Monday Magazine | Jason Schreurs | November 19, 2008
GENTLEMAN JIM and OJINGOGO reviewed by Monday Magazine
by Raymond Briggs
by Matthew Forsythe
While graphic novels have morphed and adapted over the years to fit into mainstream culture (quick, how many big-screen offerings based on graphic novels can you name?), one thing about the format has remained constant: hunkering down into a favourite reading chair and cracking open one of these arty chapbooks is still a comforting and enriching experience, whether it’s one of the timeless classics of the genre or a new-school blend of anime and dreamscape diary.
Raymond Brigg’s Gentleman Jim, originally published in 1980, is widely regarded as one of the first English-language graphic novels. Briggs never got the credit he deserved in the graphic-novel world though, since a lot of his works (Father Christmas and The Snowman being his most popular) were delegated to the children’s section in bookstores.
But Gentleman Jim (and When the Wind Blows, published two years later) was aimed at a strictly adult audience and features a protagonist every dead-end-jobber can identify with. Jim Bloggs tries desperately to separate fantasy from reality as his waking hours are spent obsessing over where he is in life and where he would like to be. When he stumbles upon a story about the Highwayman in a dusty used bookstore, he begins to develop a thoroughly flawed but totally endearing plan of stealing from the rich and giving to the poor. It starts with the purchase of a tired but affordable old donkey and spirals downward from there.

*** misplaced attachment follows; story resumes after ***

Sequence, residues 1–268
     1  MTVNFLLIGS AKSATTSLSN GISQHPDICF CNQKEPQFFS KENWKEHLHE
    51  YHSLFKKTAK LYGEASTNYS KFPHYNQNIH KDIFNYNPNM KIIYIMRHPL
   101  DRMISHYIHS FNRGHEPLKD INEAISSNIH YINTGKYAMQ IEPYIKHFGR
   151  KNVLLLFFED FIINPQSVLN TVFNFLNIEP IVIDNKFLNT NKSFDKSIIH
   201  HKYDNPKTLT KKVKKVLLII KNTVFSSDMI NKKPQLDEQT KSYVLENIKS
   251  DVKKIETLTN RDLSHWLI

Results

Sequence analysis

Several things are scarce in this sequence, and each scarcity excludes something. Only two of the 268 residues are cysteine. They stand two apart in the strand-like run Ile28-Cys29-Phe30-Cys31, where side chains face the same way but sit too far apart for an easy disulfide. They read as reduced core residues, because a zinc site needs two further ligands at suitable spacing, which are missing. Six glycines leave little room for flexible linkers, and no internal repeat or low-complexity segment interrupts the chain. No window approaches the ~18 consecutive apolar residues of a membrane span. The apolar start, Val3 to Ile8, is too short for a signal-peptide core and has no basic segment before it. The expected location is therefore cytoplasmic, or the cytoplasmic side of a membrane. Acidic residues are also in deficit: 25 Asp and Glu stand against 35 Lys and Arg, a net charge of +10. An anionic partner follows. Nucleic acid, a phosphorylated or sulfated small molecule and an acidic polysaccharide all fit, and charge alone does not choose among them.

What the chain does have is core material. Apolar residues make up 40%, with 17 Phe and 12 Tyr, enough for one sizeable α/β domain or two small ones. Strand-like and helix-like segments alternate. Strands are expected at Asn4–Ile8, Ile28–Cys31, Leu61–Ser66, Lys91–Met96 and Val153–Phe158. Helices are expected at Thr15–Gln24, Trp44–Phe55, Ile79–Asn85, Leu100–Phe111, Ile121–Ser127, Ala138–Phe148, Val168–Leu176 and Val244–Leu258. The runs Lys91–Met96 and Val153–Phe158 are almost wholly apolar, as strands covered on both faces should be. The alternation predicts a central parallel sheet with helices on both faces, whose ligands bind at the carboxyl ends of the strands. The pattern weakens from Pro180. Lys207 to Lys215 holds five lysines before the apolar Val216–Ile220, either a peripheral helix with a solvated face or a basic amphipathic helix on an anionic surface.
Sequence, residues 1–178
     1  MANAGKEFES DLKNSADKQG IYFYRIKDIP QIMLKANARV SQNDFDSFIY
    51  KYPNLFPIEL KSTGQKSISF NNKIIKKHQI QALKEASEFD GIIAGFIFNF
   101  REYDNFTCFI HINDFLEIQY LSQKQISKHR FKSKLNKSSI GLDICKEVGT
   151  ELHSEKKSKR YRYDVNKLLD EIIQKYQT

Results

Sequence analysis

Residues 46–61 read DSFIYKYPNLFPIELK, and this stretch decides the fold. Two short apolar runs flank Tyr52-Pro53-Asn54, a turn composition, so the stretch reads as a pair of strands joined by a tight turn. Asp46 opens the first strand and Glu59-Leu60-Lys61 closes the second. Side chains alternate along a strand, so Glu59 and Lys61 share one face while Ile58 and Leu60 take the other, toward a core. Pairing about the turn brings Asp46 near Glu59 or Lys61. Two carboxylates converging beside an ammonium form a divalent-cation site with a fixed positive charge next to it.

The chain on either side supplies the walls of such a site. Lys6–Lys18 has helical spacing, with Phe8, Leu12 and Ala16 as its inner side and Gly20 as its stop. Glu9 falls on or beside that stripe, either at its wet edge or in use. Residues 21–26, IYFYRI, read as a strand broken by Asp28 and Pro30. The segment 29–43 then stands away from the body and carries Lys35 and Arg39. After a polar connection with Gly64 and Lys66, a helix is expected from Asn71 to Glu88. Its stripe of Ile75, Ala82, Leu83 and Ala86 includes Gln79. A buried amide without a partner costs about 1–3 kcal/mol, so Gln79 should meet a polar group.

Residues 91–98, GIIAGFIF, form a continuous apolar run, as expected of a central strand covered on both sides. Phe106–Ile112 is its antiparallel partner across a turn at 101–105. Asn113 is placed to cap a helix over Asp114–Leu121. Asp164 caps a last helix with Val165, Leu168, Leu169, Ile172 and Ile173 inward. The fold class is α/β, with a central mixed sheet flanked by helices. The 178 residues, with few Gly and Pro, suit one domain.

Gentleman Jim’s story is authentic and, truth be told, a bit of a tear-jerker, with subtle yet beautiful illustrations. We’ve all read The Snowman; now imagine the Office Space version.
While Brigg’s work is a perfect example of how the graphic novel began, works by artists like eastern Canadian Matthew Forsythe show the limitless boundaries of the genre. Ojingogo is a simple, open-ended collection of drawings that thrive on white space and quirky characters from the deep recesses of a child-genius’ mind. Except the child genius grew up, honed his skills and now has a razor-sharp arsenal of cute/disturbing characters.
The story of a young girl and her pet squid has hardly any dialogue, but the bizarro allies and villains she encounters amongst all the white space make up for her mostly muted tendencies. The drawings in Ojingogo take a while to decipher, but I’m pretty sure one of the characters is a big bar of soap with teeth. Another one is some amalgamated type of four-legged beast with a perpetual rain cloud over its head. Yep, some weird stuff.
Unlike Gentleman Jim, which is rich in dialogue and social message, Ojingogo is a simple journey full of whimsy and dark humor. It’s like an anime acid trip, but not a bad one.
Two very different looks at graphic novels, Gentelman Jim and Ojingogo prove the phenomenon isn’t going away anytime soon.